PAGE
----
Who didn't have a teacher he/she loved back then in junior schools? Be it primary or secondary school, there was perhaps one or even two teachers you just clicked with. An interesting thing about this friendship is that it was not like you planned it; I mean, at that time, you were even too young to really understand friendship - but it just happened.
A lot of factors come into play in an issue such as this. This is because the essence of being in school is to learn, and learning doesn't come easy when the person teaching you is a turn off to you. But when you admire and respect the person teaching you, you're more likely to assimilate better. Bring that home! You may not have realized it but those teachers you felt comfortable with and had a cordial friendship, you did well in their subjects. It's thus important that teachers realize they hold a strong influence on the outcome of their students' cognitive abilities.
Basically, a teacher should be as friendly and approachable as possible to the students. Does this mean that he should be more focused on becoming friends with each student in his class? No! While getting to know and familiarize himself with his students is not out of place, he should realize that not all students will bond with him.
The following points could be helpful:
1. Be flexible
An unduly stringent teacher is definitely a turn off for any student. While it's necessary to set clear boundaries and enforce same, it's also important to consider the circumstances of each student. Let's take for example, some students fail to do a homework. As a teacher, understand that student A who didn't do the homework might not have the academic support at home or resources like student B who did the assignment does. You can consider some of these before meting out discipline. It's also very important not to allow your flexibility become laxity. Children need appropriate discipline and correction. The essence should be to teach them how to study.
2. Be approachable
You're dealing with children. This one fact is as important as whatever you teach them. This is because they consider you the authority in that classroom. A situation whereby they can't approach you would only bedevil their learning process because they won't feel the freedom to even ask questions where they don't understand what you've taught. This quality is important to help you win their trust; and with their trust, trust me, you become their favourite teacher.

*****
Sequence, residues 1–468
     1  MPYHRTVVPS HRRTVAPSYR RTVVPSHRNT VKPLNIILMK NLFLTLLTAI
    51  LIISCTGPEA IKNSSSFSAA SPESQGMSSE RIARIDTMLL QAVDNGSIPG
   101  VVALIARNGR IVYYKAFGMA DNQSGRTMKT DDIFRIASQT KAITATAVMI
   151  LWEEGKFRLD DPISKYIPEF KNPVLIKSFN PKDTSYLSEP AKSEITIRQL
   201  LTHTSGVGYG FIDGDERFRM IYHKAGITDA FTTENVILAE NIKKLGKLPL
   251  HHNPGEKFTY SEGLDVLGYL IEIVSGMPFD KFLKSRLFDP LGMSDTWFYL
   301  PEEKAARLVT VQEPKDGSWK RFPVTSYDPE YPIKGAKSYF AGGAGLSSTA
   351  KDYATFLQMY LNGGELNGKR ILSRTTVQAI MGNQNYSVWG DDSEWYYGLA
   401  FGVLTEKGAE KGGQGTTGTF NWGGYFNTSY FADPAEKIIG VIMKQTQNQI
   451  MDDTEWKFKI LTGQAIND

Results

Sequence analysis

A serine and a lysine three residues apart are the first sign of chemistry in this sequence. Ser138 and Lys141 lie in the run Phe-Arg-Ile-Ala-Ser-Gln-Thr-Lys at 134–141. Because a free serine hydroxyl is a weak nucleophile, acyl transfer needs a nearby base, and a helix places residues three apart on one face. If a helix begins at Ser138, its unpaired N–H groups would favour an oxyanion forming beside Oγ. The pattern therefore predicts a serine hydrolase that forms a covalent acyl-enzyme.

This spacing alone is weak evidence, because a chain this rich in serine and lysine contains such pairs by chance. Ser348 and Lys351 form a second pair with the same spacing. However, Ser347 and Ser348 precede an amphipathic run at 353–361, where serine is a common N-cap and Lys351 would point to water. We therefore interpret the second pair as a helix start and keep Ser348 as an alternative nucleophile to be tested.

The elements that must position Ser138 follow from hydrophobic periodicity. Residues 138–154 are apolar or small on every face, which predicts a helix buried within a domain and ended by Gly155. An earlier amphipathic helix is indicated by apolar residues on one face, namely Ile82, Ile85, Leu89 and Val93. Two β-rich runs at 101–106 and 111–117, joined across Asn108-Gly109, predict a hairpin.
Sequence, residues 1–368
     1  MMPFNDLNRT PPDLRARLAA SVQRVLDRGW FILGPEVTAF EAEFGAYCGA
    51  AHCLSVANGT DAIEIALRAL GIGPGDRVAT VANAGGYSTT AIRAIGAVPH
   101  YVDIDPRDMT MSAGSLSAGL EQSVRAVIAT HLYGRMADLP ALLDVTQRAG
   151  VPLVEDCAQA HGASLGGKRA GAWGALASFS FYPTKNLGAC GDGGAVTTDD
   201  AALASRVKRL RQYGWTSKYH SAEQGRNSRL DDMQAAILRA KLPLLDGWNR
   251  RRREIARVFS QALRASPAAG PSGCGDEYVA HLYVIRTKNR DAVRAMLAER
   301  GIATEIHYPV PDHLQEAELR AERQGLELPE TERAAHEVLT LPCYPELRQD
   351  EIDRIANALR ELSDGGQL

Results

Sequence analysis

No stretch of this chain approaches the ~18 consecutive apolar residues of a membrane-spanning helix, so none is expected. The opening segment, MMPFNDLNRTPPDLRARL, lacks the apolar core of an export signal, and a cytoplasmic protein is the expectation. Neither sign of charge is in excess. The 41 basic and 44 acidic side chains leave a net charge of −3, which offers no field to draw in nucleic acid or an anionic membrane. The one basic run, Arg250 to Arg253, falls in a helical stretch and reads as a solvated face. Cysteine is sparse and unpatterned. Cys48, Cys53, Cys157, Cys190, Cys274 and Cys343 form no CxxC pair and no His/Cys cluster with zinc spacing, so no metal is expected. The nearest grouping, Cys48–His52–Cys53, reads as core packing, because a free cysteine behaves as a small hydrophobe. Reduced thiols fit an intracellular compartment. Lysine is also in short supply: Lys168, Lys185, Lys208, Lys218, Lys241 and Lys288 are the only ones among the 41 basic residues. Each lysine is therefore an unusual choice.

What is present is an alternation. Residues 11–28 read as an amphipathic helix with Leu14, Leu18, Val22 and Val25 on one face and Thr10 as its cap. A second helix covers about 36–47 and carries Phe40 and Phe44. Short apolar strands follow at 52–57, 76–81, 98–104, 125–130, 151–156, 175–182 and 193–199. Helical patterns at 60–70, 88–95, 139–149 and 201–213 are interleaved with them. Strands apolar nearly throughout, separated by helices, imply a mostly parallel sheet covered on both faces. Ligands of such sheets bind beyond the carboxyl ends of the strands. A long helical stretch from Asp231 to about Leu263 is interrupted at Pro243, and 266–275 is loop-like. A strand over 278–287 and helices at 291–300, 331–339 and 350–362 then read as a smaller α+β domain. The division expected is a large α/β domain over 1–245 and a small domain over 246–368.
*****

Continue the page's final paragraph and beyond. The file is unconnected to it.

Sadly, a lot of teachers don't see this correlation. So, how can you develop the approachable attitude? Note:
-Children mostly bring their challenges to adults, especially the ones they're comfortable with. So, even when they bring seemingly irrelevant matters to you, don't shout them off. That matter you consider inconsequential might just mean the whole world to that kid. Rather, pay them some attention; when bigger issues arise, you'll be the first they'll come to. It becomes normal for them to approach you. He that is faithful in least will be faithful in more.
-Really listen. When I say listen, I don't mean punching your phone's keypad and telling the child "I'm listening" when clearly you're not. You need to pay attention by focusing on them. Look at them and follow along what they tell you.
-Play with them. It doesn't always have to be academic work and solving one mathematical problem or the other. A relaxed atmosphere will always make them free to approach you with personal challenges.
3. Carry your students along
To be able to carry them along, you must be well grounded in what you teach. Having a thorough knowledge of your lectures will help you spot when a student is deviating from the pattern of understanding you want him to follow. This involves giving personal attention to certain students when necessary.
In the end, the main thing is for you to imprint in these young minds lessons they'll not forget in a hurry. It's not all about the academic information you load them with but the manner and atmosphere in which you deliver such information. Note that the above recommendations should complement the rigorous academic activities in the curriculum.
With sad regrets, I remember how some of my teachers back then in high school made themselves into demigods. The classroom was more or less a battlefield - us against them. I'm not proud to say that this adversely affected my academic abilities.
On the other hand, you must have heard some persons reminisce how they were groomed by certain teachers whom they're very grateful to. Think about the teachers who taught Mark Zuckerberg, Jeff Bezos, Dangote, etc. Imagine one of these were your student.
-Imoh Udoh Iniekpo
Communications Executive @ Edusko Africa